Holes 11-15 along the River Dee are gorgeous as you overlook North Wales across the way. The day we played the course there was a 4+ club wind. You had to aim your tee shot on the 151 yard par three 50 yards left at the TV tower setup off the green in preparation for the open. And even then your ball was blown off the right side of the green. It was good playing Hoylake in its difficult wind-blown condition, which it has a reputation for.

Liverpool Dining

The clubhouse is one of the most inviting, intimate and welcoming in the world of golf. They have a world class golf book library, memorabilia second only to the R & A and an awesome dining room with pictures of every club captain going back to 1885 wearing the red jacket bestowed on the office-holder.

Liverpool Smoke Room
The Smoke Room in the Royal Liverpool Clubhouse

Congratulations to the R & A for putting Royal Liverpool back in the rota. Now to really make things interesting drop either Royal Troon or Royal Birkdale and play the open here at least once a decade my friends!

Royal Liverpool should be ranked at least 30 places higher on the world rankings. Of the three world ranked courses on the Lancashire coast of England near Liverpool England, Hoylake is the best, easily a better course than both nearby Royal Lytham and Birkdale. Thus far, if there is one club overseas I would like to join, this is it. The place has it all.

As the club's motto says - Far and Sure!

Post Script - July 2006

Congratulations to Tiger Woods, The Royal Liverpool Golf Club and the R & A for hosting a fantastic championship. Hoylake proved beyond a shadow of a doubt that it belongs back in the rota with a regular spot. I look forward to visiting again and seeing Tiger's signed winning score card hanging alongside Jones and Hagens in the downstairs bar. Great courses produce great champions.

Saturday, June 10, 2006

Walton Heath

Walton Heath - Old (ranked #82 in the world) counts among its members four prime ministers including Sir Winston Churchill. The course has a rich history linked with the English aristocracy, founded by well-to-do Edwardians, the successful upper class, an elite of titled gentleman and prosperous businessmen. The atmosphere has always been one of high rank and impeccable social standing. Among its former members it counts: 26 dukes, lords, knights and honourables. In the early days nobody could be proposed as a member who was not 'received in general society'. It is the only English club that has had a reigning monarch serve as captain.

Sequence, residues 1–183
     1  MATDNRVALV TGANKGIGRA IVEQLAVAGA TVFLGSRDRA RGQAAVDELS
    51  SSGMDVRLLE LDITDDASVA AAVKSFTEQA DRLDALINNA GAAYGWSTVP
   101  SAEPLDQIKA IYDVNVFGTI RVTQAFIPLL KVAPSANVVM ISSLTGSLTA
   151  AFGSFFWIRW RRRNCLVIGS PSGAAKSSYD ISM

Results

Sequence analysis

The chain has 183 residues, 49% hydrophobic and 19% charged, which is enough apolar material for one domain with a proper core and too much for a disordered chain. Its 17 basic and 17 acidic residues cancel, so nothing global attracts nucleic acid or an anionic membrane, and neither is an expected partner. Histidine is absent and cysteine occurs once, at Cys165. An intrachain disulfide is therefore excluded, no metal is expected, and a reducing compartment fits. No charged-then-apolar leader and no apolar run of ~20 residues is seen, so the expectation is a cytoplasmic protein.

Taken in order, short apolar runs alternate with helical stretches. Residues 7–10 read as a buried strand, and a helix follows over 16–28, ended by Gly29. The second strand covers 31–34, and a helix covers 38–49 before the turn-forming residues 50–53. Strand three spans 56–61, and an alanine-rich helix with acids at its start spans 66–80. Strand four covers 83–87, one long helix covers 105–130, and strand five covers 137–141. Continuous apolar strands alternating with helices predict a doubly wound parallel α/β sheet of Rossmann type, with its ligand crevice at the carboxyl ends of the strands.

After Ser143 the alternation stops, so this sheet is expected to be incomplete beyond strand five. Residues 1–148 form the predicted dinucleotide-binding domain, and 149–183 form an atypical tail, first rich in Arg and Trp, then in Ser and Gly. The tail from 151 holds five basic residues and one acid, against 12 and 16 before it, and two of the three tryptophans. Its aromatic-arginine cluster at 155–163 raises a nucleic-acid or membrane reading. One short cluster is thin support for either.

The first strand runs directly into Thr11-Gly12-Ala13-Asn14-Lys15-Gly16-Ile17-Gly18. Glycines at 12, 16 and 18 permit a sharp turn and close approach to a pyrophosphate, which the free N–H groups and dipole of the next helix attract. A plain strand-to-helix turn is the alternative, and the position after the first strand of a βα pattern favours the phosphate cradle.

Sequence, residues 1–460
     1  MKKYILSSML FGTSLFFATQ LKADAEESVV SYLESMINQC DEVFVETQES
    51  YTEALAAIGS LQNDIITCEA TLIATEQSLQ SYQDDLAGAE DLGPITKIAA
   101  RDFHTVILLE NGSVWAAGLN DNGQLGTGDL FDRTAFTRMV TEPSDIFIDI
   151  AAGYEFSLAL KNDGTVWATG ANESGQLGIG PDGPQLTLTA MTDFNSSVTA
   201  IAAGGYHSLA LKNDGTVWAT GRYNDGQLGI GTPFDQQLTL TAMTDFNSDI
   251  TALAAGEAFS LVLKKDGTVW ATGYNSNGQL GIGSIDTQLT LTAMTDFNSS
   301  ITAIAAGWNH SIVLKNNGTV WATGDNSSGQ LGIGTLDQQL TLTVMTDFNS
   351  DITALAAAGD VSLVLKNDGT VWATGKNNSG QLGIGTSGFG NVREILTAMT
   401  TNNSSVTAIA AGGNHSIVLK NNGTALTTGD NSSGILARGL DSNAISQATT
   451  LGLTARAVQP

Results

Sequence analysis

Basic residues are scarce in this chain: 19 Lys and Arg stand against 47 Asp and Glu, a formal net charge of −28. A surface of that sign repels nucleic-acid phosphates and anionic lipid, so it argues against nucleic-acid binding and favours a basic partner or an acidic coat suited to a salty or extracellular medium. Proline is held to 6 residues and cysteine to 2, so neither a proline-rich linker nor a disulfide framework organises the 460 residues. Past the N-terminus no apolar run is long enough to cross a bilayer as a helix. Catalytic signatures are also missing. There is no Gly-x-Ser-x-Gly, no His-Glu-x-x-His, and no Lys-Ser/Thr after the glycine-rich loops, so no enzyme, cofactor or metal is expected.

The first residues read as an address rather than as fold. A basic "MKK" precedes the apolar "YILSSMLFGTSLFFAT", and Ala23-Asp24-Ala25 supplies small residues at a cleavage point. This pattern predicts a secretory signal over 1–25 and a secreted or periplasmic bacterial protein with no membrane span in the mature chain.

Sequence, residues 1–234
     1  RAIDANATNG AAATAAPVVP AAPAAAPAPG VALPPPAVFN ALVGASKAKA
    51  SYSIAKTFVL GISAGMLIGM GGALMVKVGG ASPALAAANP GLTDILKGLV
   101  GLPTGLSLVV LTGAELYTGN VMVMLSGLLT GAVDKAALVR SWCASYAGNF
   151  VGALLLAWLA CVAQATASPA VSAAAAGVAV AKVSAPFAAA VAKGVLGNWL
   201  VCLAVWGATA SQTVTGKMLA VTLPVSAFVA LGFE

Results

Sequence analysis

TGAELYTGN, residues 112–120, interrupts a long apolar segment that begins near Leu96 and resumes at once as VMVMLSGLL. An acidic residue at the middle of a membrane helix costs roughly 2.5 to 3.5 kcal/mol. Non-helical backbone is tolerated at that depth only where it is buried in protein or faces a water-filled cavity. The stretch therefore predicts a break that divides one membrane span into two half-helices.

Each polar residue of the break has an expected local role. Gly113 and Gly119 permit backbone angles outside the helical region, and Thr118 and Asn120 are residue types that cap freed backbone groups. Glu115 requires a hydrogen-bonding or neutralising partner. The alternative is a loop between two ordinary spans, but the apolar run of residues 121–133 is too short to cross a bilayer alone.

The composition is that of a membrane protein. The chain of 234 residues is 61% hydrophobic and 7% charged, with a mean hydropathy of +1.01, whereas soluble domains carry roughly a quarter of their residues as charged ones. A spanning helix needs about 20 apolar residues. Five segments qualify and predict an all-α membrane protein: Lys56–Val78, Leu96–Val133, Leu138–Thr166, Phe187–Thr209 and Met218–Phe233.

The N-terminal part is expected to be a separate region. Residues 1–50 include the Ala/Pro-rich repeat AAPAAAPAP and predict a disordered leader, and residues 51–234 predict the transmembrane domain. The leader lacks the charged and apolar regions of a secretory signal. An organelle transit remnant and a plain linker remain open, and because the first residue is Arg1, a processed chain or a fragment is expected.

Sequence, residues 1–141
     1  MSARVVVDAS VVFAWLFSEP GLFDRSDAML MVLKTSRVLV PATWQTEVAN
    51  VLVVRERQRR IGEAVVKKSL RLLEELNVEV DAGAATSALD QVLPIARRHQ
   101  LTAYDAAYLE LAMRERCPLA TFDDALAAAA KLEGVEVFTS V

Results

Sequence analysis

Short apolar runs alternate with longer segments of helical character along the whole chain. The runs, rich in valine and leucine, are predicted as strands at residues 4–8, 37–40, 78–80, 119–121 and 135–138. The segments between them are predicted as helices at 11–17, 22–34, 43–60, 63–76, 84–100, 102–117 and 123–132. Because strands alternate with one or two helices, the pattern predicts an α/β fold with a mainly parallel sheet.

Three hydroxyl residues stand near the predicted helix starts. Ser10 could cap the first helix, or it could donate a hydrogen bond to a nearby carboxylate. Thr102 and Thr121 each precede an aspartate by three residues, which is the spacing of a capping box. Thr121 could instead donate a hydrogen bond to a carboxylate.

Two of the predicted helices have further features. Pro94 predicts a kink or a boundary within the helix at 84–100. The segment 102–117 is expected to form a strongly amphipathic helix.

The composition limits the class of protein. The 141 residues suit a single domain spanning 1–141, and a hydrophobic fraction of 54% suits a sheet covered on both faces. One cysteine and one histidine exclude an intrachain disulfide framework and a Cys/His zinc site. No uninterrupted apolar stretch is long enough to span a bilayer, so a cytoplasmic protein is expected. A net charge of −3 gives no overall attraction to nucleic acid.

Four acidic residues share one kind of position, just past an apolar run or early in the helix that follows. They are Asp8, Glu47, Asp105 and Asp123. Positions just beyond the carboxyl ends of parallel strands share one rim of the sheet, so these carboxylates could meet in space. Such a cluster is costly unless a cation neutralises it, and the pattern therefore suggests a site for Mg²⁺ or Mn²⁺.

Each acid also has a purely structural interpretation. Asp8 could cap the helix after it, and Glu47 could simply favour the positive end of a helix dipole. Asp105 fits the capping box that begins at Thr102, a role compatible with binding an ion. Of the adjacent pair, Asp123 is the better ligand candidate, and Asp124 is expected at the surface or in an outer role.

Green detail at Walton Heath

Walton Heath also hosted the 1981 Ryder Cup. The course itself is a lovely heathland course. It really shines around the greens with its contouring (pictured below). The course has no water or water views and limited greenside bunkering, which leads to a lot of bump and run shots approaching greens if you so desire. Like its more famous English course Royal Lytham, Walton Heath starts with a good par three and has a particularly good set of finishing holes.
The rough hewn land at Walton Heath

Walton Heath is on the world's top 100 courses due partly to its affiliation with five time open Champion James Braid who served as club professional between 1904 and 1950.

Friday, June 02, 2006

Royal Birkdale

The best golf course in England.


Royal Birkdale Golf Club (ranked #28 in the world), ranks as the highest ranked course of all of the nine English courses on the list. I adamantly disagree about its placement. I would say it's the best golf course in England after the following courses: 1. Royal St. George's; 2. Royal Liverpool; 3. Sunningdale Old; 4. Woodhall Spa; 5. Ganton; 6. Royal Lytham & St. Annes; 7. Walton Heath and 8. Wentworth West. While I'm not a math genius, I think that would make it the lowest ranked course in the country.

The course is not near enough to the ocean to give it any views and I don't think it has any truly distinctive holes. The course has hosted many Open Championships because the R & A likes the flat routing surrounded by dunes because it makes for good TV viewing. But don't mistake good TV viewing for a good golf course. They are not one in the same.